Saturday, November 18, 2006

israeli couscous with carotenoids, betacyanins, and xanthophylls topped with anthocyanins

The monkey was mixing up a batch of fruit salad. "What do you want in your salad dada?" Her method involves tossing in ALL of the fruits and veggies that she has into a large bowl, and giving them a thorough mixing. When this is complete she fishes out your requested items, plus a few that she thinks will pair well with them, and carefully arranges them on a plate for you. I believe her last plating involved peach, orange, cabbage and cauliflower as a bed, supporting the bell pepper and corn 2nd floor. I was inspired to duplicate her range of colors into a dish that had alot of local* ingredients. It made me think of using our carrots, butternut, beet, and yellow bell pepper that was hanging around the kitchen from the last trip to the farmers market. We also had local* mushrooms, celery and onions that I figured would go well with everything else as long as I tied it all together with some ginger, and maybe drizzled it with grenadine.

So, I roasted some butternut, steamed some beets, sliced some carrots and bell peppers, chopped onions, celery, mushrooms, garlic and ginger, picked a few strawberries and little bit of mint, and measured out a few tablespoons of grenadine. A few cups of israeli couscous topped it off.

I sauteed the onions/celery/mush/gar/gin combo in olive oil and combined it with the couscous and some water in our largish green caserole thingy. To this I layered the sliced carrots on one side and bell pepper on the other and then piled on the butternut and beet. I topped this all of with the strawberries and a healthy pouring of the grenadine. I poked some mint sprigs in a few places and put it in the oven at 350 for over an hour.

And because this meal was all about the fresh, colorful, and somewhat local* produce, we steamed some cabbage (yet more anthocyanins) and carrots (carotenoids........duh?) to serve up with it. Those crazy beets stained the couscous a nice burgundy (those betacyanins are the ultimate in staining, they will even turn your urine pink if you eat enough, so I hear...) and that cabbage, WOW! (although in honesty the cabbage was not that color when I put it in the pot. It was no trick, just plain ol' purple cabbage, steamed until quite tender). In fact now when I look at it, I think that we needed some more yellow stuff (xanthophylls) to offset that shocking bluish purple. I mean, do you eat bluish veggies THAT often?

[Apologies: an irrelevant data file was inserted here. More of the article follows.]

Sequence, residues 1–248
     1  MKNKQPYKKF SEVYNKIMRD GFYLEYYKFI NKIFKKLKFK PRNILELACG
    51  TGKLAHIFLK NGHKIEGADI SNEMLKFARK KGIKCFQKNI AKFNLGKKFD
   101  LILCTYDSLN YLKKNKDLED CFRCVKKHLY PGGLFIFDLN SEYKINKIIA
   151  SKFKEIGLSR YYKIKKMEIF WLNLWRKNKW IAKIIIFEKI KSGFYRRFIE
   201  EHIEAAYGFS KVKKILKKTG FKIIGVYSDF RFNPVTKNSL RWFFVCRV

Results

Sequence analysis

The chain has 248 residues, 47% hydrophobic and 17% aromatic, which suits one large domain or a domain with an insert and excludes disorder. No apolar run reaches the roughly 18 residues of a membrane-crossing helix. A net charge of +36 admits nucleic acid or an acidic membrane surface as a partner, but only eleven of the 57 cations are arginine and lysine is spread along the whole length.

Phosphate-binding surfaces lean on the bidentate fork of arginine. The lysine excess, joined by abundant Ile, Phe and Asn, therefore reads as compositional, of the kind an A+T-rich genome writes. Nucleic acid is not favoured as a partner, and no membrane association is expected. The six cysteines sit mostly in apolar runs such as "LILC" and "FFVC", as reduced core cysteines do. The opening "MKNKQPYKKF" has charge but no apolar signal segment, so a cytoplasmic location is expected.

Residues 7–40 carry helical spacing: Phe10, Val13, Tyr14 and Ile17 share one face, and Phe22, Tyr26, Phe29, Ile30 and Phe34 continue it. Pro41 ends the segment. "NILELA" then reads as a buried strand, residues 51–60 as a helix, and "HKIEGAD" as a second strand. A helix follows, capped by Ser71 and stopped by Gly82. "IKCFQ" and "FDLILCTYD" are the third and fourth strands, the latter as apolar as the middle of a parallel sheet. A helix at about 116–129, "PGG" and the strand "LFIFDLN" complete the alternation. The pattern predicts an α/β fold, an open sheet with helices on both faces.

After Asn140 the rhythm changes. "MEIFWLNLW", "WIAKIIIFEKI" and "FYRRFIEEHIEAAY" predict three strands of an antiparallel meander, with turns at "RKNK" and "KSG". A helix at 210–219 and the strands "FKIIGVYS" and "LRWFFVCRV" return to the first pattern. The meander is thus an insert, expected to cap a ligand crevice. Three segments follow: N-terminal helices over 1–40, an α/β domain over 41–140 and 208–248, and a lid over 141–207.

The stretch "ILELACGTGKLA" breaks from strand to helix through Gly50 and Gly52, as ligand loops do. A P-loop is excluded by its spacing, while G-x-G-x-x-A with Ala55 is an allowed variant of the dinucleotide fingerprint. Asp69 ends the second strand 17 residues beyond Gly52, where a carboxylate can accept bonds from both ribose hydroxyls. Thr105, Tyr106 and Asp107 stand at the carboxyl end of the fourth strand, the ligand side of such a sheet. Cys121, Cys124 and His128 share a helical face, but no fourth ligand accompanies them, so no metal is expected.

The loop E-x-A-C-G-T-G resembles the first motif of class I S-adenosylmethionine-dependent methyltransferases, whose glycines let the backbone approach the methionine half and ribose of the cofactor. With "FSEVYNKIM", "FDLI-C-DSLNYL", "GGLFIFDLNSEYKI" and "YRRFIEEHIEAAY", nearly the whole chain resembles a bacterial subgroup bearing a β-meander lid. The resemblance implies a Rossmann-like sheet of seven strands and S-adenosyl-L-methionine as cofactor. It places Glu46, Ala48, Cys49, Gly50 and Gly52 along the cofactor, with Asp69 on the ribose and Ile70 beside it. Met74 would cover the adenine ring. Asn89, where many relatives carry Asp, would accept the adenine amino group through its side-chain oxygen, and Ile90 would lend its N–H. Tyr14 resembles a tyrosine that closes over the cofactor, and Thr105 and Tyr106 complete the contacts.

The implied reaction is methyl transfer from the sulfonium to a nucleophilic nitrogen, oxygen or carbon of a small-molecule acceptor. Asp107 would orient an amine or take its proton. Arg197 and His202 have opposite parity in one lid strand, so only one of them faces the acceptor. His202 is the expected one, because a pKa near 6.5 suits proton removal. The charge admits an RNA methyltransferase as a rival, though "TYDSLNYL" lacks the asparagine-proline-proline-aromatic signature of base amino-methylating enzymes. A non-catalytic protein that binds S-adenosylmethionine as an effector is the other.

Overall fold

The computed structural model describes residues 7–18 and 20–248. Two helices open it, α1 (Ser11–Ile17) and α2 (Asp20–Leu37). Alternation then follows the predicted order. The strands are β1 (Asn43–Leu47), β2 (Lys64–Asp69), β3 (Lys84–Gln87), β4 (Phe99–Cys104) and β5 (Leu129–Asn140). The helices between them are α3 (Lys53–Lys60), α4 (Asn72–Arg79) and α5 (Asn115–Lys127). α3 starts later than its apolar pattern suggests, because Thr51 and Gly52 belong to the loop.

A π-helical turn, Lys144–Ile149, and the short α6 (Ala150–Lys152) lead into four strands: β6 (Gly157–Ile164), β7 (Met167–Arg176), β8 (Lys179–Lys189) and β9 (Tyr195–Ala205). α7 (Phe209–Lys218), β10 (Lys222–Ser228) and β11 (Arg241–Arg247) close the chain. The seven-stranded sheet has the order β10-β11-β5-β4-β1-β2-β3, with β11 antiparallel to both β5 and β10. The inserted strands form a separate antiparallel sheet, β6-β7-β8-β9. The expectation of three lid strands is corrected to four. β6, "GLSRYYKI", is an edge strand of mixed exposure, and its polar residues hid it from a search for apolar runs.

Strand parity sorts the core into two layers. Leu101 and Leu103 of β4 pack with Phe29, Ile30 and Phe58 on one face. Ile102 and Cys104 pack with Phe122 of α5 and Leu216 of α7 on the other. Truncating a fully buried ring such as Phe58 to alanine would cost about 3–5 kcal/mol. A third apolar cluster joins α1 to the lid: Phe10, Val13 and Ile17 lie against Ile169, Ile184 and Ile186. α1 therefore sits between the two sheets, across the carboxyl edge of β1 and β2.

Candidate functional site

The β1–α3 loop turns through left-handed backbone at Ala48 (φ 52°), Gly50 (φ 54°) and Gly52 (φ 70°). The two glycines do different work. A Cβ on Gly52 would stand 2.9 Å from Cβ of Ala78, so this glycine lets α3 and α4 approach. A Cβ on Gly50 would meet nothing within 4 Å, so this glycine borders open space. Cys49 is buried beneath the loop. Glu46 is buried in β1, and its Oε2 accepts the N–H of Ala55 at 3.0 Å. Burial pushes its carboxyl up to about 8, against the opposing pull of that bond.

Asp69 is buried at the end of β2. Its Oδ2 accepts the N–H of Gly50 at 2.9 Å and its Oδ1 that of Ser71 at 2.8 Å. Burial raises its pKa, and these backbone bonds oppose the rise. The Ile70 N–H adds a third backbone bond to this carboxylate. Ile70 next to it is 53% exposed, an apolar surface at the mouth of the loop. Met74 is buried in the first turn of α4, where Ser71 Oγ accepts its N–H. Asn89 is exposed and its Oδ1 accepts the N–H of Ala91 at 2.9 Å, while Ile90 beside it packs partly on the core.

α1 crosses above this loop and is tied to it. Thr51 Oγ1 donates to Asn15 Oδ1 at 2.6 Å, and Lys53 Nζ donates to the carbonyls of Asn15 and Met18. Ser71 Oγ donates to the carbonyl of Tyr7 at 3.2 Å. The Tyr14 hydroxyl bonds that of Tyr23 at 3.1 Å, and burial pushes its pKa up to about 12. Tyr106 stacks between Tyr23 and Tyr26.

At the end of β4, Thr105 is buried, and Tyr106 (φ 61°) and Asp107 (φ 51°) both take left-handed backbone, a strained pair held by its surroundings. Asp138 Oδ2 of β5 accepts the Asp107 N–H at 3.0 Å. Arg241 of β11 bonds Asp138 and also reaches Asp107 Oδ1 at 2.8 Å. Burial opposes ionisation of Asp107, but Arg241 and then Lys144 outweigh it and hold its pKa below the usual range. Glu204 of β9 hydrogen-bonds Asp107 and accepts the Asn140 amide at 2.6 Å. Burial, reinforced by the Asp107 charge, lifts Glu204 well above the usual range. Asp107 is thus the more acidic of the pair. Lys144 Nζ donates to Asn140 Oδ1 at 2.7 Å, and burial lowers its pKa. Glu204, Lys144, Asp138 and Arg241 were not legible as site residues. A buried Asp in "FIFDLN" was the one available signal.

This meal really made me reflect on how dull and boring most of the typical American diet is. I guess as a stay at home dad, who cooks, loves veggies, and doesn't eat much meat (less than twice a week lately, and that usually fish), I'm not exactly typical. I like that.

* Local for purposes here being produced in California, within about a three hour drive (say 150 mile radius from home) and purchased by us at the closest Farmer's Market or at our one of our neighborhood stores (all walking or biking distance). The onions, celery, garlic, bell pepper, carrots and beets are all organic and from the Farmer's Market. The grenadine was from Reedley pomegranates, juiced by hand with a ricer and then boiled with a cup of organic sugar (Whole Foods). The butternut was also from Reedley. The ginger is admittedly from Brazil (Berkeley Bowl), and is a leftover from my last attempt at making candied ginger. The mushrooms and couscous are from Whole Foods, the mushrooms produced locally (Monterey County), the couscous from unknown sources (I didn't pay much attention to the bin it came from as this too was a leftover ingredient from a past dish, I do believe it was organic). The olive oil (Greece, Kalamata actually) and the salt (France) were from the mediterranean by way of Trader Joe's. We had a locally produced olive oil that could have been used, but I can't yet justify using the $15 bottle of dipping/dressing oil for frying in a pan. I will look into getting a "cooking" oil from the local folks. The little strawberries and fresh mint are from our yard. You could say that this dish was a result inspired by the monkey's color scheme, local ingredients, what was in the cupboard, some oil-economics (olive), and the food we pass everyday going in and out of our door.

Putting it all down in this form and documenting where the meal came from goes out to my sister-in-law Sheryl. For being one of those folks who are brave enough to look at where your food REALLY comes from (and who having made it through the corn chapters in the Omnivore's Dilemna, now probably doesn't see that big grass the same anymore). Let me know when you get your hands on one of them Polyface chickens.

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